I woke up the next morning to find Manfredas dancing around the room with a slice of raisin bread the size of my suitcase in his hand. It seemed it was market day. (And yes, you read that correctly – I slept through him showering, leaving, going for a coffee and exploring the market. This is thanks to a combination of German-early-risingitis and excellent earplugs.)
I hopped (sort of) out of bed, pulled on my slippers (that Manfredas had packed for me) and put on the kettle to make a cup of tea (with one of the tea bags he’d also packed). German men just keep on giving…
Manfredas: I texted the owner for the wifi code.
Me: What did she say?
Manfredas: (showing me his phone) Sur le meuble dehors dans le couloir ou se trouve les livres!!!
Me: She forgot an accent. “Où” is where; “ou” is or. And three exclamation marks is excessive.
Yes, I’m even a grammar nazi in languages I barely speak. We located the code, which was so long and complicated that even a German would be impressed. I simply gave up. Instead, I made my way to our sun-dappled petit jardin with my tea and hunk of bread.
We discussed our plan for the day which was basically no plan at all. Perfect. After surviving the bathroom, we made our way down the main street to the market. They’d closed the street to traffic because of it – it seems that being able to buy cheese, meat and wine is far more important than being able to get from A to B in these parts. Gotta love the French for that.
A little kid came running up to us with a basket of fresh bread which we nibbled on as we strolled around the gorgeous streets.
As we walked, I thanked my lucky stars that it hadn’t been one of these that had shat on me the night before…
The heavens opened just after we sat down and, around half an hour later, we got to see a man drenched as the awning collapsed under the weight of the water. It was time for another carafe of wine to celebrate that it hadn’t been us.
Once the sun came out again, we made our way to the tourist information office where I picked up enough leaflets to open my own office. We also learned about the Petit Train Touristique and, as luck would have it, it was leaving in around ten minutes. We strolled over to the pretty park at the edge of town, paid our fares and got on.
The tour would take us through the steep, winding streets of the town, out into the rolling hills and vineyards beyond, through the town of Hunawihr, and give us a panoramic view of the three castles that dominate the landscape. All in just 50 minutes. Who could ask for more?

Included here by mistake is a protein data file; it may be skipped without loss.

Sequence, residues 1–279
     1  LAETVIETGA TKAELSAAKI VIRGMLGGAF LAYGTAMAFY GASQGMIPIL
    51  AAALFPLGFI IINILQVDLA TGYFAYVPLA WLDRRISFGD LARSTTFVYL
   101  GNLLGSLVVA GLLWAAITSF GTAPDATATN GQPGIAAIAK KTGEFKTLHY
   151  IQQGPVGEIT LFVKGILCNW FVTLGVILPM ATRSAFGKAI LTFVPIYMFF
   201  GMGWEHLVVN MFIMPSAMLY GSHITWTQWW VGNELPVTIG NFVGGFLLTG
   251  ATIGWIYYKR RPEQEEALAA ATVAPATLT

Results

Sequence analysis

There was an audio guide in eight different languages so we popped on our headsets and off we bumped. It was so much fun taking up the entire street and just praying that we wouldn’t meet anything coming the other way. Pedestrians scattered and I gleefully gave them the royal wave as we passed. The scenery in this part of the world is just breath-taking.
Not even the English twat doing the commentary and pronouncing “Riesling” as “Rise-ling” could dampen my spirits. Back in town, I discovered that the French take shit just as seriously as the Germans do.
Having recovered myself somewhat, we decided that it was time for a little dégustation. We headed for one of the many options dotting the main street.
We tried the Rise-ling, which was lovely, but the Pinot Blanc was the clear winner for both of us. Obviously, they do sort of expect you to buy something at these places so we picked up a bottle for a little nap-cap. It had been an exhausting day, after all…
By the time we were ready to hit the town again, the town had all but shut down. A couple of places we tried had already closed their kitchens – at 9pm. We persevered and finally found somewhere. The evening was a bit chilly so I had a hearty, traditional beef stew. (It did not photograph well.)
After realising we were the only two people left, we paid up and let the wait staff go home to bed. Even though Ribeauvillé is far enough removed from Berlin so as to appear to be on another planet, old habits die hard. Going home at 10.30 on a Saturday night? NEIN!
Thankfully, we found the rather German-sounding Bar Streng up a side street. After a couple of minutes, I got chatting to Caroline – part-time waitress, part-time vineyard worker.
Moi: Oh my god! That would be my dream job!
Caro: Well, I start at 6am on Monday – you’re more than welcome to come along.
Moi: Maybe another time…
I’m probably far better at drinking wine than I would be at making it – but I guess we’ll never know for sure.
Stay tuned for Part 3 – coming soon!